Age of Christ

My 33rd birthday was last month. April 20th; 4/20. It’s a really interesting birthday to have. I share it with at least three friends, plus Mother Angelica and Hitler. In addition to being known as everyone’s favorite day to smoke pot, it’s also the day of the Columbine massacre in 1999 and the Deepwater Horizon oil spill in 2010. And among all those noteworthy 4/20s is mine, a Sunday in 1980.

Thirty-three feels like a really important year. I’ve been waiting for this moment since about 1997, when I first heard David Wilcox sing in “Glory,”  “in the big, boring middle of this long book of life, after the twist has been told, if you don’t die in glory at the age of Christ, then your story is just getting old.”

But I’ve never been the kind of person who aspired to great, world-rocking achievements. I’ve never had glory as a goal. I never even wanted the more mundane glories, like being popular or athletic or the prom queen or whatever. (Good thing since I wouldn’t have had a hope of being any of those things.)

In fact, about the only thing I have always known I wanted to do, ever since I was a little girl with little siblings and lots of naked dolls, was have babies.

Mothering has its own form of glory. Take tonight, for instance. Around 8 o’clock, while Poppy was getting ready for bed, I ran my hand through Ace’s hair and said offhandedly, “You need a hair cut.”

“Yeah,” he said. Then, more urgently, “YEAH! I need a hair cut!”

And sure, it was bed time, but I’ve cut this kid’s hair before. Twice! I’m practically a beautician. I could give him a little trim. It wouldn’t take but a few minutes. And the boy was starting to look like one of the Monkees. So why not? He was willing; I was able; let’s go!

I’m a believer in my ability to do the impossible just before bed!

I got out the scissors, stripped him to his diaper, and put him in a chair in the middle of the kitchen. Poppy emerged wearing her pajamas and holding her tooth brush to ask what I was doing.

“I’m cutting your brother’s hair,” I told her confidently. She looked intrigued and more than a little excited by the assurance that bedtime would be delayed.

“Don’t hurt my brain hair, Mommy,” Ace said. I promised I wouldn’t.

But things started to go off the rails rather quickly. Ace didn’t like the feeling of hair trimmings falling onto his chest. Then he attempted to swat the hairs away, hitting himself with increasing desperation. Then his hands became coated with hair, and then he began gagging on hair.

While these efforts kept his attention, I busied myself by combing strands into my waiting fingers and snipping the ends off, unsure of how much to cut but doing my best to make at least one pass around his entire head.

I had to stop and try to pull hairs out of Ace’s mouth with my fingers. When he said he still had hair in his mouth, I just gave him a juice. This kept him still for a moment more, but then he was climbing on the chair, then spinning on the chair, then planking on the chair. Poppy saw I was losing my audience, and she jumped in, unbidden, to catch her brother’s attention and keep him in place.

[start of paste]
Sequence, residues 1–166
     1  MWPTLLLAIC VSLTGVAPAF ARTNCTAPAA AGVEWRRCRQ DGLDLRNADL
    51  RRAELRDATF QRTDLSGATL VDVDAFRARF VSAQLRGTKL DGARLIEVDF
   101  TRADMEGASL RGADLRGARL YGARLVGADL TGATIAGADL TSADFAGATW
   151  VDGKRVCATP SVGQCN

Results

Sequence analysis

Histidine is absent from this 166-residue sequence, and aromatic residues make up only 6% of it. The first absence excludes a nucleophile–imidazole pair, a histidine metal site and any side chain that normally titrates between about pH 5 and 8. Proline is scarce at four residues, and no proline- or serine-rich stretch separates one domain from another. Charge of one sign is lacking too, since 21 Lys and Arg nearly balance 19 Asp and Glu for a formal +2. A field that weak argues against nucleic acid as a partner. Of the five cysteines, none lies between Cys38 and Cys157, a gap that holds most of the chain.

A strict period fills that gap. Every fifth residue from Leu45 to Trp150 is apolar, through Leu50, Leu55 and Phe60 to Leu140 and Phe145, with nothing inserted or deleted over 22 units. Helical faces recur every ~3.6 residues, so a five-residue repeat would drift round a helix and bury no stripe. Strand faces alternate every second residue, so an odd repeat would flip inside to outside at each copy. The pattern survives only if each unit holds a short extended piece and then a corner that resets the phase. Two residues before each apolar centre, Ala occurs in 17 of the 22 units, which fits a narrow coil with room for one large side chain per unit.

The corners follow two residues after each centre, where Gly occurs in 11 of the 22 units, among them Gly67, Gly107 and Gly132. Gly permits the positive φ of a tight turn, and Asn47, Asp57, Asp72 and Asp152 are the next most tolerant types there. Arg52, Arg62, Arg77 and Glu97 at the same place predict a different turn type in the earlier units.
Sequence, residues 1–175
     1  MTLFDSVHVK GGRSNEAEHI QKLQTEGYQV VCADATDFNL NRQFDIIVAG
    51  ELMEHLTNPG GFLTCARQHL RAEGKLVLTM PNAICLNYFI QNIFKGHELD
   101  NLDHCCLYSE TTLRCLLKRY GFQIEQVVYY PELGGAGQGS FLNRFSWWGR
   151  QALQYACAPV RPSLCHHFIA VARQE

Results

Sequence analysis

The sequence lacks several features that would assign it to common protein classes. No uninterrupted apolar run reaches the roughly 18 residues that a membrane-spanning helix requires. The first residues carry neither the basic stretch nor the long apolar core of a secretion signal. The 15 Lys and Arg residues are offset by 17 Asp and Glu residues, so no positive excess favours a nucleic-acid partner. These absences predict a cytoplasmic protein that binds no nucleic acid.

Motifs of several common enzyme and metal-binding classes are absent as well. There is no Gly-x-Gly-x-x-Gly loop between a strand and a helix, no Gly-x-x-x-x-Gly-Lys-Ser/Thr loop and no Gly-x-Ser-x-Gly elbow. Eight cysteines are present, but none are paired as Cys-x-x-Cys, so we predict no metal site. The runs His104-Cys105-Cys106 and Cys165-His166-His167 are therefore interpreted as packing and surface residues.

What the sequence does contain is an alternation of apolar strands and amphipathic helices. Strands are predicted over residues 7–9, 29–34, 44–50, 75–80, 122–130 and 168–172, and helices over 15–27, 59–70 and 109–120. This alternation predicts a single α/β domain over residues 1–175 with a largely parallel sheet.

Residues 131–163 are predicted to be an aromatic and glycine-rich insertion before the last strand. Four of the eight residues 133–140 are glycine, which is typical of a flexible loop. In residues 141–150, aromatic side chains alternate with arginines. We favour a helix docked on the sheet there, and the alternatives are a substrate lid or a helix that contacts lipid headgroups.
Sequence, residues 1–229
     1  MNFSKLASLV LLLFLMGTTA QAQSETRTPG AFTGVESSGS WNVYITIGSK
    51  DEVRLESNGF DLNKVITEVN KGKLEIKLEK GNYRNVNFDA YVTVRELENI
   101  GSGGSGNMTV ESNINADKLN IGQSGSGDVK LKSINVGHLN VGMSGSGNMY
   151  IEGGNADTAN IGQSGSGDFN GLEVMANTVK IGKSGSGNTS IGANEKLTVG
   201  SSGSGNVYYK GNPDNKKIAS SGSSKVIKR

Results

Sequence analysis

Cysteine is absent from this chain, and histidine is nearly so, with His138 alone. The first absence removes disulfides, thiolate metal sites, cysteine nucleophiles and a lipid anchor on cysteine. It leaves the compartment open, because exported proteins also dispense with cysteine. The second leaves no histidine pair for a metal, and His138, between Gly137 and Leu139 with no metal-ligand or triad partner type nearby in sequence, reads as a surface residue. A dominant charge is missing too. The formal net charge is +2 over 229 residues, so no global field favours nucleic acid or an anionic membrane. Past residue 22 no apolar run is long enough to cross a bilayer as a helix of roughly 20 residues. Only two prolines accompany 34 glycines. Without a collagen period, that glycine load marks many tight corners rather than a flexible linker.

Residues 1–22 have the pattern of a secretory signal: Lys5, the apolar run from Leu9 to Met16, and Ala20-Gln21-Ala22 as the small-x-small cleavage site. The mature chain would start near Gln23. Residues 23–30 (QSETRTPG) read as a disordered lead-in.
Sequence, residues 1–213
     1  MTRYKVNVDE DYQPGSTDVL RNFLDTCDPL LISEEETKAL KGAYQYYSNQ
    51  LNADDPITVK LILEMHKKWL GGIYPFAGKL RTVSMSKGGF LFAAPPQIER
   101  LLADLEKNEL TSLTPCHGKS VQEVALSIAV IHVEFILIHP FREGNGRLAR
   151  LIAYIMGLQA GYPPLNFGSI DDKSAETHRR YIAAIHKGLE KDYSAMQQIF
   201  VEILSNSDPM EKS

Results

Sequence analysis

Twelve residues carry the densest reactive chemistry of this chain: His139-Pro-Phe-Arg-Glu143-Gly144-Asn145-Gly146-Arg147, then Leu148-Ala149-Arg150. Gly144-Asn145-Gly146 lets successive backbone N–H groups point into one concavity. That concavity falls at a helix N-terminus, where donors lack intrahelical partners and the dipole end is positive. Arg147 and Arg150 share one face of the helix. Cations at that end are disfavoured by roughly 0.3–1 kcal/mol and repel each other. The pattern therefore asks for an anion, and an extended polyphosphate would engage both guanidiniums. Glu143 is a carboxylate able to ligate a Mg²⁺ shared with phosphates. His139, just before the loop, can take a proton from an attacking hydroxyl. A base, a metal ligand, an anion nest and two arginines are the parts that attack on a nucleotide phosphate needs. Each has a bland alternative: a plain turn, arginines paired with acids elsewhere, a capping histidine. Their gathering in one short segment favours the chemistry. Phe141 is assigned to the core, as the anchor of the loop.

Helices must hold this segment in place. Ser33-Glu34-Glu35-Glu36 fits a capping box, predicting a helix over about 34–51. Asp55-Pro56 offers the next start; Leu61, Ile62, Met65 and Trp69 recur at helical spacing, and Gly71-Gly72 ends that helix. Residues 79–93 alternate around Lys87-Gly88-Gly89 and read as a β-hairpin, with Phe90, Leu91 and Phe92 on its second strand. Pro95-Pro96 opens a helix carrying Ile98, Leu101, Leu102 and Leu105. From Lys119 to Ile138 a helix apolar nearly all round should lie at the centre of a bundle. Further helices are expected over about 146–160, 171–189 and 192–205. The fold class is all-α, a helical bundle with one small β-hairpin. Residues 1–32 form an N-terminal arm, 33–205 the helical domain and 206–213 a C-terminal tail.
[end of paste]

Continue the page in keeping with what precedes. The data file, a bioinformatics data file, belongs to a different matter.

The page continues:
That’s my girl; a true older sister, just like her Mommy.

But even Poppy’s standup routine wasn’t enough to keep Ace still for much longer. And somehow the hair cut was taking a lot more time than I anticipated. But I was in it now! Wide swaths were cut, while the back still hung down, choppy and mullety. Eventually, I found myself chasing Ace around the kitchen, pinning him against the refrigerator or between my knees, and hacking off whatever bits I could grab.

Feeling not at all unlike this guy.

This all culminated with me rolling up my pants legs and getting into the bath tub with Ace. I wet his hair and mussed it into little spikes and cut the ends off all the spikes I could see until they were roughly the same length. Most of them. And Poppy busied herself collecting the tufts of hair off the floor and from the bath water, declaring that she was making “the biggest hair ball ever” and that it was like “a cat coughed up a giant hair ball, and I got it!” I yelled for Ace to hold still. I yelled for Poppy to get out of the way. The hair cut was over not when it was complete but when I had finally had enough yelling and chasing and cringing.

And while Ace dumped cupfuls of water over the side of the tub as I labored not to snip off his ears, I thought about David Wilcox and “Glory.” Wilcox, of course, comes to his epiphany by the end of the song: “If you don’t die in glory at the age of Christ, then your story is still coming true.”

This is my story coming true. The yelling, the chasing, the cringing. The two-year-old whose now-dry hair kind of looks like someone attacked it with a weed whacker. The five-year-old who impressed me with her instinct to keep her brother’s mood light just when my instinct was starting to consider strapping him to the chair with a bungee cord.

To me, the best kind of glory is quietly revealed when people influence each other’s lives for the better. I’m not saying I’m a glorious mother (remember the yelling and the bungee cord?). I’m saying there are moments of giving and of taking in motherhood, and in all the subtle little interactions of my life, that on the balance make where I am at this moment feel more meaningful than I can imagine any other moment feeling, no matter how high the pedestal, no matter how bright the marquee.

And that feels like glory.

So here’s to 33. Here’s to David Wilcox. I hope this is only the beginning of “the big, boring middle” of a very long book of life.

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One Response to Age of Christ

  1. Pingback: The Feast of the Resurrection | Episcolic

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